1. What is contraception?
  2. Intrauterine device (IUD), also known as coil, what do we need to know?
  3. Subcutaneous implant, is this the new frontier for contraception?

What is contraception?

Contraception is defined as the method that impedes conception; different options and medical devices can be used for this scope. Such methods can be classified as reversible methods, like hormonal and barrier ones, or as permanent methods. Hormonal methods include oral contraceptive pills, transdermal patches, vaginal rings, intrauterine devices, emergency contraception, injectable contraception and implantable contraception.

Intrauterine device (IUD), also known as coil, what do we need to know?

The majority of women are potential candidates for IUD therapy because this type of contraception has very little contraindications.

Different types of IUD are available on the market:

  • The hormonal coil releases doses of progestin in the uterus making the cervical mucosa difficult to penetrate, creating a hostile environment for semen; the uterus’s coating becomes less thick making the implantation of the fertilised egg difficult. It is made of a polyethylene structure containing levonorgestrel, it releases 20 mg per day and its maximum usage duration is 5 years. Levonorgestrel-releasing IUDs can be used for the treatment of endometrial hyperplasia, dysmenorrhea, menorrhagia and irregular bleeding. In 2013, a new progestin-releasing IUD with a slightly smaller diameter has been approved and its use is guaranteed for a maximum of 3 years.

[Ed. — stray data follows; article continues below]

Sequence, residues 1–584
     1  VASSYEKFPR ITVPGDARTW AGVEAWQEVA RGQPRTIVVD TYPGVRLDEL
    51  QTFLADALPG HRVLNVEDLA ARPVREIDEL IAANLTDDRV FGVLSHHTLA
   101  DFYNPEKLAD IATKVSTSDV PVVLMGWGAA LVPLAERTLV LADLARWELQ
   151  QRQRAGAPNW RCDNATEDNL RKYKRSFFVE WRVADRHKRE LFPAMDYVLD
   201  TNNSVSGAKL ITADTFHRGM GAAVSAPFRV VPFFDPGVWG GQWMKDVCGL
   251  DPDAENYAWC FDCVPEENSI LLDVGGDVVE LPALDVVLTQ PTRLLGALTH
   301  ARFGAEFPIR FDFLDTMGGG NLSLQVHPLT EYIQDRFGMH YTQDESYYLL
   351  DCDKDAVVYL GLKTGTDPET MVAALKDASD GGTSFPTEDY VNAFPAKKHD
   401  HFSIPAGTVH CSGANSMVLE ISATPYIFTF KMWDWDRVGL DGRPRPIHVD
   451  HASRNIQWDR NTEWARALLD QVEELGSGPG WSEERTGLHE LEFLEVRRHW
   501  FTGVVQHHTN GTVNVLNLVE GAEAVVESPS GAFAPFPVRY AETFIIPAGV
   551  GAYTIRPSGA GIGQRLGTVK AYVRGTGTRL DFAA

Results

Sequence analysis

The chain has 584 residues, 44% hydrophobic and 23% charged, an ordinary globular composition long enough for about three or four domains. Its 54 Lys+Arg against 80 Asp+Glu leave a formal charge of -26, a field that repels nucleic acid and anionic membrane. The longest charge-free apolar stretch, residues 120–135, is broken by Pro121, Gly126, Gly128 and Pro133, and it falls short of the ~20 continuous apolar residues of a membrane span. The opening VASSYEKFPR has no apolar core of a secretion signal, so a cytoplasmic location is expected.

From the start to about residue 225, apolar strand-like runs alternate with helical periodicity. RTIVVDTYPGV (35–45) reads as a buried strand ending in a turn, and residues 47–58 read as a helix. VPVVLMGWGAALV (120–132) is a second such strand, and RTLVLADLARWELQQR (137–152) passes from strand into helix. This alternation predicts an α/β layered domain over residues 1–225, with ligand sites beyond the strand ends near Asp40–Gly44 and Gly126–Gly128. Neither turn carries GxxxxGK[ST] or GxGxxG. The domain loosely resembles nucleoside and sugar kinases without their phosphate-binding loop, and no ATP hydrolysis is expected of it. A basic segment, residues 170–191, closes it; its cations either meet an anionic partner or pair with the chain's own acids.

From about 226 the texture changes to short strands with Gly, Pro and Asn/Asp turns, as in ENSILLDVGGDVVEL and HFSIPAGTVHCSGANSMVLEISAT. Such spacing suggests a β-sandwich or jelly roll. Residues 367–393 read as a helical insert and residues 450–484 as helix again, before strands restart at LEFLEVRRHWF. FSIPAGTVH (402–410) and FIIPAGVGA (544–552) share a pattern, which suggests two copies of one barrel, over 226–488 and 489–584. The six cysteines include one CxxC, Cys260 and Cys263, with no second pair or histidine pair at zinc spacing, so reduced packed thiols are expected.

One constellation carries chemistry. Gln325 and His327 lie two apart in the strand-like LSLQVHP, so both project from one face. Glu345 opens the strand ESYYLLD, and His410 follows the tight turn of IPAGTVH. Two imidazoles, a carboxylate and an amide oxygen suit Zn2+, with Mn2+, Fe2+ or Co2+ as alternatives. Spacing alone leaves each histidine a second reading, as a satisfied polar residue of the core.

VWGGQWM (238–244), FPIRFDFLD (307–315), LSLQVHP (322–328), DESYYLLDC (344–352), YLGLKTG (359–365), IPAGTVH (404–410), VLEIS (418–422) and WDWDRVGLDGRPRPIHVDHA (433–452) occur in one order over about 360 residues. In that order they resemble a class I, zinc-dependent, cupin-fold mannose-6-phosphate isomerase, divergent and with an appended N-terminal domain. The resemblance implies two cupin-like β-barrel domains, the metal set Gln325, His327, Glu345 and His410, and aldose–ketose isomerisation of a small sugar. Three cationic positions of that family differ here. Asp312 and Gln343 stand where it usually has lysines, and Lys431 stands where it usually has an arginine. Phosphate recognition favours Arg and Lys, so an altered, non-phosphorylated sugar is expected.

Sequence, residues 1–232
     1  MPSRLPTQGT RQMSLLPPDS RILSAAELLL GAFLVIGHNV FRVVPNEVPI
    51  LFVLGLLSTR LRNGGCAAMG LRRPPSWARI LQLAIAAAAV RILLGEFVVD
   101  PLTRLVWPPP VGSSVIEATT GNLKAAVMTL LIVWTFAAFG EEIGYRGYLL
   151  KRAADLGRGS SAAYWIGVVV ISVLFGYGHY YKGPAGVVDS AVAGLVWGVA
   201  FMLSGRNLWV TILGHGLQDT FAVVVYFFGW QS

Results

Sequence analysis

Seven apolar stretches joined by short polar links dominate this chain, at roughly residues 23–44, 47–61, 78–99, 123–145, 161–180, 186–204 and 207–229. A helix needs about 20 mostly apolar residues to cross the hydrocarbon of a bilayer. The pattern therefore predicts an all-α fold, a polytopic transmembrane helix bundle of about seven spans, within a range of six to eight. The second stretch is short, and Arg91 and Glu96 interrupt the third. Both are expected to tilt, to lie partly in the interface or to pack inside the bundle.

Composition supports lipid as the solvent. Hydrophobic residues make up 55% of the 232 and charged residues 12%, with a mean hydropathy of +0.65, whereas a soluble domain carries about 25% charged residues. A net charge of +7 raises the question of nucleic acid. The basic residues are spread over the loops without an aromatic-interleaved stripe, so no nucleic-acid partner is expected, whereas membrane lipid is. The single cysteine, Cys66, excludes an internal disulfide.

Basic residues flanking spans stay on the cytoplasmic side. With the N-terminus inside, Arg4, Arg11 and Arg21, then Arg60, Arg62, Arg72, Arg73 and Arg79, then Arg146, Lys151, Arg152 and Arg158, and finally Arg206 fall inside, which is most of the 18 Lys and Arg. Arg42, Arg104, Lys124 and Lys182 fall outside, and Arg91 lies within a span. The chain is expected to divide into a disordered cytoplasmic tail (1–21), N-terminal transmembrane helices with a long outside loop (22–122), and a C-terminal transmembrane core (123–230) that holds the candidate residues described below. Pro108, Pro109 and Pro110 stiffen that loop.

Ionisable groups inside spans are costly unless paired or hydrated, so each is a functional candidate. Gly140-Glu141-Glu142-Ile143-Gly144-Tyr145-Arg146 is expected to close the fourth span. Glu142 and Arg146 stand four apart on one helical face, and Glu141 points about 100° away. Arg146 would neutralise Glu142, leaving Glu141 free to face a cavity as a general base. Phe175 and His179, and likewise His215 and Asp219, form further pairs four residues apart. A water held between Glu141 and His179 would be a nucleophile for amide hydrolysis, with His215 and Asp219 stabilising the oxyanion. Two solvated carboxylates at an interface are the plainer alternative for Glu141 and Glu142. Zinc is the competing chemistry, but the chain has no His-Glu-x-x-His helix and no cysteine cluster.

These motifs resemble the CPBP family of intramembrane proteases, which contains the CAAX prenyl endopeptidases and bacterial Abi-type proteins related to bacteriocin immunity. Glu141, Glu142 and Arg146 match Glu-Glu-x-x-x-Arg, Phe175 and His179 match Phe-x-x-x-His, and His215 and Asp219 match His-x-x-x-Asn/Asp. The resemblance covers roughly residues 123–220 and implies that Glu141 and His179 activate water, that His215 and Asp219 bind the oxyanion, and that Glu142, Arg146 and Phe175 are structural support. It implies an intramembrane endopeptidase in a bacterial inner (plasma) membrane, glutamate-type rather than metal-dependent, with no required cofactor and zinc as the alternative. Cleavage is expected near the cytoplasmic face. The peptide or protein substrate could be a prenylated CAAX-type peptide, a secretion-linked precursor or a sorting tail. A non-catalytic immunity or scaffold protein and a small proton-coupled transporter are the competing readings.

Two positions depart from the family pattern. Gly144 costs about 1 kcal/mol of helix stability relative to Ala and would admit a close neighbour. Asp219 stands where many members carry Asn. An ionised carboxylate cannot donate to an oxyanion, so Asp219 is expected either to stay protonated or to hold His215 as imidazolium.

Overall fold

• The copper coil acts in a similar way and impedes to the sperm to arrive to the uterus and to fertilise the egg. In addition, the copper filament that envelops the device acts as a spermicidal as the copper ions decrease the semen’s motility and functionality. It is essentially a T-shaped plastic device surrounded by 380 mm of copper. Its use is approved for a maximum of 10 years. The copper IUD has the advantage that it can be used for those patients in which hormonal therapy is not possible (i.e. active breast cancer) and has a failure rate of less than 1%, with the most common side effects of bleeding and irregular pain.

Subcutaneous implant, is this the new frontier for contraception?

Subcutaneous contraceptive implants have become very popular during the years. They are safe and effective in preventing pregnancy and provide a prolonged and slow release of steroid progestin that is translated in an absence of ovulation, in the thinning of the uterine endometrium and in a thickening of cervical mucus creating a barrier that impedes semen penetration. Such implants are inserted under the derma under local anaesthesia, usually in the internal region of the non-dominant arm. They are constituted by a flexible plastic stick that is 4 cm long and 2 mm thick, which is not biodegradable and hypoallergenic. If the patient hasn’t taken any type of oral contraceptive, the implant must be inserted during the first 5 days of the period. If instead the patient was taking the contraceptive pill or any other contraceptive, the implant should be inserted soon after having ended the intake of the previous contraceptive. Its maximum duration is of 3 years. This method is effective in more than 99% of cases for a period of 3 years, thus being even more reliable than oral contraceptives.